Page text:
technoquilting complete!

The twitter-followers know I've been working on this for a while, but I haven't mentioned it here because I didn't want to jinx myself. Regardless, my part in the process is done:

Unsurprisingly, the finished quilt top looks a lot like the schematic, though the overall blend is a little easier to see if you look at the quilt diagonally.Assembly no longer required (2)

['Assembly no longer required (2)' on flickr]

I should have started this project years ago, but I was too chickenshit to do it. Years ago, on a visit to Heather and Andy, Heather offered to assemble a quilt top for me if I bought the fabric. I did, and she started working on it, but life eventually became too busy and she sent the pieces back to me, with all of the instructions and equipment I'd need to get started.

The box held enough fabric and squares to do at least two quilts.

While in Washington, a morning chat over tea with Debbie (Adam's mom) caused her to bring out the quilt top she was working on. I told her the story of the unfinished quilt top, and to say that she was encouraging was an understatement. She reminded me that it wasn't always about skill, but instead about patience and precision. I didn't have to be utterly knowledgeable. I just needed to follow directions, cut straight, and sew straight.

I toyed with the idea of giving the fabric away to someone with more skill, but resolved on the plane to at least pull the box out and look at the fabric. When I did, I realized there was no way in hell I was giving this fabric away. It had been years since I'd picked it out, but the combination of colors and patterns had my tastes and opinions stamped all over them.

I started reading over the books, and after waiting a few days to see if this was a passing urge, I got started. Working with the rotary cutter just made sense to me, and the process gelled more quickly than I had expected.

Even more surprisingly, to me? I actually liked the process.

Of course, there had to be geekery involved somewhere along the way. In my case, it was using the camera to shoot images of each square, cropping the images down in photoshop, and then importing them all into Illustrator to determine the final layout:

A schematic assembled from individual photos of each of the 108 quilt blocks.  Zoom in enough and you'll see the numbers on each square.  (Here's hoping the finished project bears at least a slight resemblance.)

49 blocks pieced by Heather; 59 by me.The quilt: the plan

[The quilt: the plan' on flickr]

The original version of the photo was large enough to allow me to read the ID number of each square. It made final assembly surprisingly easy. All I have left now is to clip the threads, iron the seams flat, and toddle off in the next few days to buy batting and backing before handing it off to a quilter to assemble the finished product.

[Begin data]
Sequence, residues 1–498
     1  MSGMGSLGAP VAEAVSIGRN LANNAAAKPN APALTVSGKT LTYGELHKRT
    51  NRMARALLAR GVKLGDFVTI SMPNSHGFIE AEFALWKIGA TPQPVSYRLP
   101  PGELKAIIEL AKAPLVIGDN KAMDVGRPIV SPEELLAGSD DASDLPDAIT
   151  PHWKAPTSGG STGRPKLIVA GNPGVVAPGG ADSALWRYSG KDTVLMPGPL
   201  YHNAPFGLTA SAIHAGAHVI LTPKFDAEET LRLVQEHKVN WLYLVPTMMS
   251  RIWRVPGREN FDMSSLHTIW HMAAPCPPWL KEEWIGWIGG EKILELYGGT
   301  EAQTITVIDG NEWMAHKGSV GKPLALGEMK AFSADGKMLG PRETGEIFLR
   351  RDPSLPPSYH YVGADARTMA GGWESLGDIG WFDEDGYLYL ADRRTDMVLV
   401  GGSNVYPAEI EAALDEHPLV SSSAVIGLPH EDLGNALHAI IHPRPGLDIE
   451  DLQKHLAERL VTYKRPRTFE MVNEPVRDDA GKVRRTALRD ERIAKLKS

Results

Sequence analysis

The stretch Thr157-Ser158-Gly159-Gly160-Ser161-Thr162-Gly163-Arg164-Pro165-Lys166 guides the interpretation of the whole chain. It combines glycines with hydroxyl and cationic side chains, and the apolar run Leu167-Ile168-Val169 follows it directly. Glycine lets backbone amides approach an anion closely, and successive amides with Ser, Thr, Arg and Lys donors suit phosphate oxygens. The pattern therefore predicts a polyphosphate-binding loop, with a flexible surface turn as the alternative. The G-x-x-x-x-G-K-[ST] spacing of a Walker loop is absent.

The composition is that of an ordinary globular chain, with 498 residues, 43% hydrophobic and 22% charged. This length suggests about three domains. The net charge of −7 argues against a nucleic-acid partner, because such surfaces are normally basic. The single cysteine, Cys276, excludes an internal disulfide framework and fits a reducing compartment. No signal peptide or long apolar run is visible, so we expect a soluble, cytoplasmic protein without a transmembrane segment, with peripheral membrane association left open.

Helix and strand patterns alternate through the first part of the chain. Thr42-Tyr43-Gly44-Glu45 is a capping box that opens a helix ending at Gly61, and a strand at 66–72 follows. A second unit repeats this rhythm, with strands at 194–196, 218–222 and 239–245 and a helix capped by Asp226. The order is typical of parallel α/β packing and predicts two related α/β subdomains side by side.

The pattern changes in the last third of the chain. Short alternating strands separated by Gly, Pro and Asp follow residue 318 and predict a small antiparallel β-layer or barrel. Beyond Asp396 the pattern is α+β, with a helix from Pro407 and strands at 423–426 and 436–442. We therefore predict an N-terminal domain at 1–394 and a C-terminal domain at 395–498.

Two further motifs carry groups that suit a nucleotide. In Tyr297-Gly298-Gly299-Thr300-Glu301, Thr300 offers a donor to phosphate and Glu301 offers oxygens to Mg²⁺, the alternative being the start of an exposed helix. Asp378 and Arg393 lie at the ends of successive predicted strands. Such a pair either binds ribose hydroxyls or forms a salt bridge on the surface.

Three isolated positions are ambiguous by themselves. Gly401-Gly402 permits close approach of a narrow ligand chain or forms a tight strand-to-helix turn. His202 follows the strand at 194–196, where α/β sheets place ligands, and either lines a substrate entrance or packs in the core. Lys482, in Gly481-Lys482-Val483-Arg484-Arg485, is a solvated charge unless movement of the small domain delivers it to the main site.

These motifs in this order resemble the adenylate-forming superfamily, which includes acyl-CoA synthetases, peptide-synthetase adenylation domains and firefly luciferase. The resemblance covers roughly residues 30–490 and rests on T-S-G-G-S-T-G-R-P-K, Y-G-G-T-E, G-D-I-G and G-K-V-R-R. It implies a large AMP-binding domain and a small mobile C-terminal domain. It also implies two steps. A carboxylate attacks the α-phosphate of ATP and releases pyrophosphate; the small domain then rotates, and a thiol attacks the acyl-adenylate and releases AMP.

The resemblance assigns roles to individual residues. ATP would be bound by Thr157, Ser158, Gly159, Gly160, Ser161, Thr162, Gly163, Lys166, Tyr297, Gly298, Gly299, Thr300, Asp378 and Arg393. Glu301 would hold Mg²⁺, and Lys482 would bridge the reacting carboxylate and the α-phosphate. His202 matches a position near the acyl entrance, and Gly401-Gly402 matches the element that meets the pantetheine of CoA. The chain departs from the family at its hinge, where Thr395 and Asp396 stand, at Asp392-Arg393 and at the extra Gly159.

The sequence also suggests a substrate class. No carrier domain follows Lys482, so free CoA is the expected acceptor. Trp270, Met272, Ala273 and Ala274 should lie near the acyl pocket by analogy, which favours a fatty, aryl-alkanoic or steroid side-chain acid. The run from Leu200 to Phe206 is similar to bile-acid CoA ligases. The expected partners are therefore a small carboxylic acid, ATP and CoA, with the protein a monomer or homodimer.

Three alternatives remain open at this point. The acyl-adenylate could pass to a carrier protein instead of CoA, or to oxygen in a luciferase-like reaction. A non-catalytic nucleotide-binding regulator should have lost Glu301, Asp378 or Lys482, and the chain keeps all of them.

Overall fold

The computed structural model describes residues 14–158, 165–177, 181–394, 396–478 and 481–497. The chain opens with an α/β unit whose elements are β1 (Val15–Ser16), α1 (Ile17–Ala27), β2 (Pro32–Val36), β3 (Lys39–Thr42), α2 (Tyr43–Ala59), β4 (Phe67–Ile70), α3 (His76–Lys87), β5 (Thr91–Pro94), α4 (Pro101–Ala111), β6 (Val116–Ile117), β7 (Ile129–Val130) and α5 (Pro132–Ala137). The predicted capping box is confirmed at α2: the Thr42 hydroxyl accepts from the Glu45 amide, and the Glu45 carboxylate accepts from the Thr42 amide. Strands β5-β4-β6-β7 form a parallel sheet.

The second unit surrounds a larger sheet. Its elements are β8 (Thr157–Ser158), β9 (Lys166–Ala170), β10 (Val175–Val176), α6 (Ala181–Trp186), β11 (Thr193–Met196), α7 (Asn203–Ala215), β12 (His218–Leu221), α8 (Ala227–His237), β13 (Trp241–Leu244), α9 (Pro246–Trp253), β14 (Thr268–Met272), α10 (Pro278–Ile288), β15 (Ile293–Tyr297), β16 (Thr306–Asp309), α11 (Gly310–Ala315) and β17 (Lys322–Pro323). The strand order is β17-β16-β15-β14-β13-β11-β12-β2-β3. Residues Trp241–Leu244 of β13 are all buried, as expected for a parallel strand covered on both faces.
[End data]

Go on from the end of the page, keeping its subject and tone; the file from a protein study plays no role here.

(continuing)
I never thought I'd say this, but I enjoyed piecing this quilt top, and am looking forward to doing another. (The world may have just officially ended.)


it's beautiful!!!!! I totally love it, and I totally love that it has girl-geekness at it's core :)

Oh my God-- she's gone crafty on us.

Even just looking at the layout from above it totally gels with your personality-- I can;t explain how, but that quilt seems to be very YOU. And that's FABULOUS!!!!!!

It's got my color preferences all over it. It also contained a few good lessons for any future quilts that I do.

There was one fabric - a light green/yellow batik - that was NOT my favorite. I realized with about 30 squares to go that I was actively avoiding using it, because amidst all the darker colors, it looked very plain in comparison.

As a result, I had a lot of it left near the end of the process, and as I started running out of other fabrics I used it more and more. Many of the last 15 squares used the green/yellow batik. Without it, I wouldn't have made it to 108, but I was sure I would be disgruntled every time I saw one of those squares on the quilt.

I was QUITE wrong. The light green/yellow batik is one of only two light colors in the quilt (the other is a pink batik) and those lighter-color squares turned out to be very necessary. I had two squares that were light-on-light, which became the center of the quilt, and then I started using all of those light-on-dark squares (many of them from those final 15) to blend from the very light to the dark-on-dark squares.

Just because a fabric isn't your favorite, or your favorite color, doesn't mean it isn't necessary to the overall pattern.

Sounds simple, I know, but I was thinking "fruit salad" (where every distinct ingredient is tasty on its own)<?em> instead of thinking "cookie" (where several ingredients not tasty on their own combine to make something you sneak out of the kitchen when no one's looking).

Great. Now I'm hungry...

Absolutely lovely :) It looks like one of the 3D eye prints, but made to evoke the feel of a person instead of an image. Well done indeed.